Takeda has largely washed its hands of the debt it incurred in its pricey Shire buyout, but a tax break fee tethered to that company's futile merger with AbbVie continues to haunt the Japanese drugmaker.
As far as the Irish Tax Appeals Commission is concerned, Takeda still owes local authorities €398 million (about $472.9 million) in tax related to AbbVie’s failed takeover bid for Shire, which the Japanese pharma bought for more than $60 billion in 2019. Takeda, for its part, sees things differently.
Takeda appealed the first request it received from Ireland’s Revenue Commissioners in 2018 and won’t play sitting duck after the latest decision, either. The company says it plans to challenge the Irish Tax Appeals Commission’s ruling through “all available legal means,” including an appeal in Irish courts.
The tax stems from a $1.64 billion breakup fee AbbVie paid Shire in 2014 after its proposed $55 billion merger hit the bricks. Takeda ultimately snagged the rare disease specialist in a $62 billion deal that closed in January 2019. Following the mammoth Shire purchase, Takeda has embarked on a years-long debt-slashing spree fueled by sales of “noncore” drugs outside of its focus areas.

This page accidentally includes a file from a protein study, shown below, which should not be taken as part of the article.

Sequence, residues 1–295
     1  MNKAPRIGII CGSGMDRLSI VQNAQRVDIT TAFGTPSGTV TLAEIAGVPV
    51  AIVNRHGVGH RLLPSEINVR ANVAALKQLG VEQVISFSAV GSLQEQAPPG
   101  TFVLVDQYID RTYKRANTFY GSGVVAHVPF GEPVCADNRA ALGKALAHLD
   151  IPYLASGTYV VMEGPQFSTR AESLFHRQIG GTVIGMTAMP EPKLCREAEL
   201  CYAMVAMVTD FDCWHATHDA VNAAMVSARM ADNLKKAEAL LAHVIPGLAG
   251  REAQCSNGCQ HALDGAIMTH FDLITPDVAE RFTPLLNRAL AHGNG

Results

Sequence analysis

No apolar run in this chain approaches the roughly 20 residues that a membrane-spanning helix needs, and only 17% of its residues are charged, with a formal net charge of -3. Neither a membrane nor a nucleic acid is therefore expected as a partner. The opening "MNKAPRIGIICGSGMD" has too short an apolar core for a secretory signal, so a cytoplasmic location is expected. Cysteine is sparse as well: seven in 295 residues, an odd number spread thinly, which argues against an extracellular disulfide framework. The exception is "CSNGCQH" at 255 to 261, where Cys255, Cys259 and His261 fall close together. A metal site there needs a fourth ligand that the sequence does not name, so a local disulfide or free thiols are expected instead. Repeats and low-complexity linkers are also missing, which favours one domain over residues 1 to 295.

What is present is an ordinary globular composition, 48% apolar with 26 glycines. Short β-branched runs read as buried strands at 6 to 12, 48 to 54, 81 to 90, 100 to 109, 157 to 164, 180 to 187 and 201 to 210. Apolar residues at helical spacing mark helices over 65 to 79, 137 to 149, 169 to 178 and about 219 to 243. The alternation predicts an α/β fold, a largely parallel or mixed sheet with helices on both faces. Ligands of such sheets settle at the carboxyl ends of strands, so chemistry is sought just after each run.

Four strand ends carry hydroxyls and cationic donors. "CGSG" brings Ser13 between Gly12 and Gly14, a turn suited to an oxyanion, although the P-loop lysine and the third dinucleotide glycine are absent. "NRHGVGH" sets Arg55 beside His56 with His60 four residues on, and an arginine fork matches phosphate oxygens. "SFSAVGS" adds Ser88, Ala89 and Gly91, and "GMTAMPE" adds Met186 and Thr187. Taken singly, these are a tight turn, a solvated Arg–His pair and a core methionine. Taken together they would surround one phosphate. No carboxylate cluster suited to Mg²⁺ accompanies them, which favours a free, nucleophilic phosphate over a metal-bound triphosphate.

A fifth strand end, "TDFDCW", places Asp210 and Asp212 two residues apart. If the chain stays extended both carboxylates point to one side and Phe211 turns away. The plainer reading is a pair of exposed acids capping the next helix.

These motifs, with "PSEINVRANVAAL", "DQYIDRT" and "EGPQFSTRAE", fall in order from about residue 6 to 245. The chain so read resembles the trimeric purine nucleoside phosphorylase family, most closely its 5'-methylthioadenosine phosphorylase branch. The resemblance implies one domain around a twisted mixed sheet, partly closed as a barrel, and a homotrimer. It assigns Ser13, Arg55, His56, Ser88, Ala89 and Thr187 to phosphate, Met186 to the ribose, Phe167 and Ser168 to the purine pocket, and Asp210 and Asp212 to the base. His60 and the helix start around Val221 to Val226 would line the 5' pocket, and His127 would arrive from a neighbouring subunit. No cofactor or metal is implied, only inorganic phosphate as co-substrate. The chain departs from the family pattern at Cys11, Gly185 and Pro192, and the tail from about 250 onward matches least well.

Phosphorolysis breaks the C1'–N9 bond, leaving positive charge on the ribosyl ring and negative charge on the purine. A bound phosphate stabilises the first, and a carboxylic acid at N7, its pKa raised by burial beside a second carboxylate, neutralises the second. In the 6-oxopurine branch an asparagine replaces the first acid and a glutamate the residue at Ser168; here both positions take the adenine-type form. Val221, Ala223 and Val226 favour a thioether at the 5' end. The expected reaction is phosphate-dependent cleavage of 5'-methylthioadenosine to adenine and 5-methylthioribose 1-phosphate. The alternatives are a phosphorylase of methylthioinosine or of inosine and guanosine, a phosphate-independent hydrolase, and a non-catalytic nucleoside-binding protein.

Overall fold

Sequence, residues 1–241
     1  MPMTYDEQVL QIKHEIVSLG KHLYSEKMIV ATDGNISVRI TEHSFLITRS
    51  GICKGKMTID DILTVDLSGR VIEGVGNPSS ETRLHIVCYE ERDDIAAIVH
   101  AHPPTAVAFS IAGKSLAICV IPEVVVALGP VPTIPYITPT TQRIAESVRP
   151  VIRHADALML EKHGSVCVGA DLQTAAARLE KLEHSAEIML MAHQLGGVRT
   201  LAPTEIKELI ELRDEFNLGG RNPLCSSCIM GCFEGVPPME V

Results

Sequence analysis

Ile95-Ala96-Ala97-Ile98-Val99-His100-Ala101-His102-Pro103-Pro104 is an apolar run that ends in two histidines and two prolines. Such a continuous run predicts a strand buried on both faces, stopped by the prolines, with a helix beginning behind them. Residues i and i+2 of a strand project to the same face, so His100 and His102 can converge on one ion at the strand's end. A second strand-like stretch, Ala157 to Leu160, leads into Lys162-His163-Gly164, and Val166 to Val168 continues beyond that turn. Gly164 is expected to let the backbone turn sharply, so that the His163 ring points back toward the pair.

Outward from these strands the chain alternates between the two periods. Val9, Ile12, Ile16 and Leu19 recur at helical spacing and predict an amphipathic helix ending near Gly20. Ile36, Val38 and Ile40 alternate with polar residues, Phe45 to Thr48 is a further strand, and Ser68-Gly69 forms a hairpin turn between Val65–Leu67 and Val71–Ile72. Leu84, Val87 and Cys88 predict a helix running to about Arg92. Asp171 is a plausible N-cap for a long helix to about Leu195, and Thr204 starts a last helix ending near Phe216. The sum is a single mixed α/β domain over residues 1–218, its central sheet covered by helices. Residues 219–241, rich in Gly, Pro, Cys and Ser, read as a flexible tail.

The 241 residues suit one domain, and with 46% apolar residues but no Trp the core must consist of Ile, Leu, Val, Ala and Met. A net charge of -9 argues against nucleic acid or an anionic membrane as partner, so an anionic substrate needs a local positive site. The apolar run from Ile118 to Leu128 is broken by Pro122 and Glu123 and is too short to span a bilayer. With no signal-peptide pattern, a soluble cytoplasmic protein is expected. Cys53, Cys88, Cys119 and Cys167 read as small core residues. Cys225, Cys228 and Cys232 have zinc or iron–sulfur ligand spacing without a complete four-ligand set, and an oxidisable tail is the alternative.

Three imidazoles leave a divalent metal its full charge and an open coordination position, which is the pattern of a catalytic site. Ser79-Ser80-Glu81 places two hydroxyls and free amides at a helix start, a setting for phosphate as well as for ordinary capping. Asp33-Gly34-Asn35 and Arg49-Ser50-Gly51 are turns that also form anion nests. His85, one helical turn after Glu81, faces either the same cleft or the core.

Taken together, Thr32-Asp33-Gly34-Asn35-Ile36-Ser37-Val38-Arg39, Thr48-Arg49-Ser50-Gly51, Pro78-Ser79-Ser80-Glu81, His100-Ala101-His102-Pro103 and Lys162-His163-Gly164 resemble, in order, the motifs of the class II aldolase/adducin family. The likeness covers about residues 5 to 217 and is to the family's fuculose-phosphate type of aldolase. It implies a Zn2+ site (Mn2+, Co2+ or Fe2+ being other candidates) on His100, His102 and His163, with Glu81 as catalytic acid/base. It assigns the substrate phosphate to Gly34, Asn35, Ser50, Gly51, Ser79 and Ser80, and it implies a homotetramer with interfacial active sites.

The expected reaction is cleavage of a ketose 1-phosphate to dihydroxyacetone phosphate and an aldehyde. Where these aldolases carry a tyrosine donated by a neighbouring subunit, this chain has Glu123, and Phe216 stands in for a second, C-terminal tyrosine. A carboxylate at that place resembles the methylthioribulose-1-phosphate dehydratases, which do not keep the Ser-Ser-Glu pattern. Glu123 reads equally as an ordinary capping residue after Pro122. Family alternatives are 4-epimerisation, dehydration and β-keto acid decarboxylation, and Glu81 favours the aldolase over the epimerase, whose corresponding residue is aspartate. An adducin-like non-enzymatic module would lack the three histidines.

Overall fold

Takeda doesn’t believe it’s liable for the tax break fee under Irish law, a company spokesperson told Fierce Pharma last January.
In light of the new decision from Irish authorities, however, Takeda says it will record a JPY 63 billion ($576.65 million) provision in its financial statements for the quarter that ended on June 30. The company will also revise its financial summary for the three-month period and plans to refile the information with the Tokyo Stock Exchange by August 6.
Takeda says it will need to tweak other first quarter earnings materials, too, though its underlying and core financial results remain unchanged. The company isn’t updating its full year sales forecast, either. Takeda’s 2021 fiscal year ends on March 31, 2022.
The drugmaker stressed that it continues to “assess the substance" of the Irish Tax Appeals Commission's decision.
Takeda unveiled the request from Irish tax authorities in a December 2018 U.S. securities filing. AbbVie, meanwhile, walked away from the Shire deal after the Obama Administration rolled out regulations to deter tax inversion deals. Shire at the time predicted the fee wouldn't be taxable in Ireland, though the situation certainly hasn't played out that way.
The company last week reported fiscal 2021 first quarter sales of JPY 816.6 billion ($7.44 billion). It reached that figure after subtracting JPY 133 billion ($1.21 billion) from a clutch of diabetes meds it sold to Teijin Pharma.
Takeda's cost-cutting scheme is doing gangbusters, CEO Christophe Weber said at a May press conference. After inking up to $12.9 billion noncore asset sales, the company's remaining business is "accelerating" and Takeda can "continue to deleverage," the CEO said at the time.